Thursday, 26 July 2012

Royal Geographical Society: Whoa Was That Really Awesome!

Entrance to the Royal Geographical Society: A Gateway to All Things Exploring
I am not surprised that I enjoyed this visit since I do have a background.  However I was surprised about how little I knew which only brought new topics of interest to my attention.   
What I enjoyed most about this visit was the stories that were told to us about each item.  I never took myself for someone who would be interested in geographical history.  However seeing the items that were presented left me absolutely engrossed by what I was witnessing at that moment.  I was literally sitting in front of Henry Stanley’s shoes.  The same Henry Stanley who so famously said "Dr. Livingstone I presume".  I was sitting in front of David Livingstone’s hat.  Wow.  I did not expect to see the items that were shown to us.  I expected to see maps and globes, which we did, but then we had this utterly fascinating objects shown to us which made for great surprises.  I would have to say that this was one of my top visits.  I learned a lot and discovered some new areas of interests that I otherwise never would have explored further!  Thank you Eugene for giving a fascinating and informative presentation!

Dr. David Livingstone is one our greatest explorers of the African continent.  His contributions to exploration encouraged the end of the slave trade, paved the way for discovering the source of the Nile River and allowed the world to know about Africa.  He exemplified the very core of what the Royal Geographical Society was and is all about; “We encourage and enable the benefits of geographical learning and skills, educating people of all ages for life as global citizens in a rapidly changing world.” 

Dr. David Livingstone,r:2,s:0,i:118

One of the highlights of the visit was the presentation of some of George Mallory's belongings.  Mallory set out to climb Mount Everest but disappeared during a 1924 expedition.  It was not until 1999 that his body was finally discovered perfectly preserved in snow and ice.  In order to prove that they did locate the body of Mallory they took some of belongings including his boots, gloves, wrist watch, altitude reader and savory meat cough drops.  However we will never know if Mallory ever reached the top of Mount Everest because the hands on both the watch and altitude were removed.  I got to see all of the aforementioned items.  It was insane that his boots were sitting on a table right in front of my face.  I first thought to myself 'how cool is this?!'  but then it registered with me that the boots were yanked off the body of a frozen dead man.  That is a bit morbid but I got over it. It was so cool to actually see these objects that seem so unimportant are anything but.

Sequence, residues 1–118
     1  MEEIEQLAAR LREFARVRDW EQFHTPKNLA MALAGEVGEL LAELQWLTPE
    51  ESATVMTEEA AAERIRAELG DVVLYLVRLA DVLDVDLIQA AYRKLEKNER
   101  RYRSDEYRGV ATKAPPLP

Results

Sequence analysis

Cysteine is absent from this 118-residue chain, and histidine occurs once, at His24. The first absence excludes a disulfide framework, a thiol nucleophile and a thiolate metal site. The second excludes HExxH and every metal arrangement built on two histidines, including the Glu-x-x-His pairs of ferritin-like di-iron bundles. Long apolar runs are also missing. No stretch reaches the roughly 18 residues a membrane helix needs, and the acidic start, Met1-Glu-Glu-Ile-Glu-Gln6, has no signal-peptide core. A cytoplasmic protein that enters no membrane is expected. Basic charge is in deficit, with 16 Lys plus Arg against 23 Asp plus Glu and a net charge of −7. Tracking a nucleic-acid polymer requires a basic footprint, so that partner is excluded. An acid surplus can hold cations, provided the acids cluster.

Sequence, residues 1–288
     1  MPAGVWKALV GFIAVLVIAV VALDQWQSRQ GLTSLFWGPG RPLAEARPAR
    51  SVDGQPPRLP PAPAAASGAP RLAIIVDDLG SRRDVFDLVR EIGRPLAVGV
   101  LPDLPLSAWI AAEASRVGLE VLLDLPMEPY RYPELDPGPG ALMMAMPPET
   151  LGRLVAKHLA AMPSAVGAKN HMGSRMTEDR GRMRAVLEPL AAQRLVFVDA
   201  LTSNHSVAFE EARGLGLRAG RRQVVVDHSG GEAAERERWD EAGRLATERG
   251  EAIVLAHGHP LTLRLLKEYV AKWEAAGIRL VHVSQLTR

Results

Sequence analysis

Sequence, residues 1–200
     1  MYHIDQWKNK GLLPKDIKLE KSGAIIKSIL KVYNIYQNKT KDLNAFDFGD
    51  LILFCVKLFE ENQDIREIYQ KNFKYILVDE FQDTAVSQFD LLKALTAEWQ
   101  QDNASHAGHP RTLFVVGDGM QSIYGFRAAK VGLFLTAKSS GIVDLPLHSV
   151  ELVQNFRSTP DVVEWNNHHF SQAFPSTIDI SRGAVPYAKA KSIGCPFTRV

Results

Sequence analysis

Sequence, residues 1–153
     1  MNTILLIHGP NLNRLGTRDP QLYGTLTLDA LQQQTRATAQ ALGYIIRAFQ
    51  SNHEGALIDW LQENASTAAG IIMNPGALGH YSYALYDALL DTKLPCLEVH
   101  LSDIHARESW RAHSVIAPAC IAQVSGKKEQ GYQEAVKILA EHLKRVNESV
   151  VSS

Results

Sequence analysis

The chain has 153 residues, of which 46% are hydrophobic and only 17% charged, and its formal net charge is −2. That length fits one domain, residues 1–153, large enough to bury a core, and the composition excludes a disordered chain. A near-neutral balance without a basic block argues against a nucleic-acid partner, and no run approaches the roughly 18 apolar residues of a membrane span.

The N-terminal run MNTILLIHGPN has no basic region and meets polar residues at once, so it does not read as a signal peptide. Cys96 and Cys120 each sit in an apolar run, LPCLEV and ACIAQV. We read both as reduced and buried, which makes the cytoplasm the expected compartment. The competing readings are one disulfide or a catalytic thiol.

George Mallory,r:1,s:0,i:75

Some Interesting Facts on the Society
  • Founded in 1830 initially as a gentleman’s dining club
  • The goal was to collect geographical items throughout the world.
  • They wanted to encourage travel through gathering and sharing geographical knowledge
  • Some of the items initially collected by the society were maps, portraits, travel souvenirs, scientific instruments and traveler’s personal affects.
  • Their areas of interest were Africa, primarily the source of the Nile River, Polar Regions, primarily to locate the Northwest Passage, Antarctica and Central Asia, primarily Mount Everest.
  • There are about two million items in the collection. A bulk of the collection is atlases and globes
  • Books make up about 250,000 items out of the collection
  • 2013 will mark the 200th anniversary of Livingstone’s birth
  • 15,000 members in over 100 countries
  •     Membership is open to anyone.

  Learn more about the wonderful world of today's geography!

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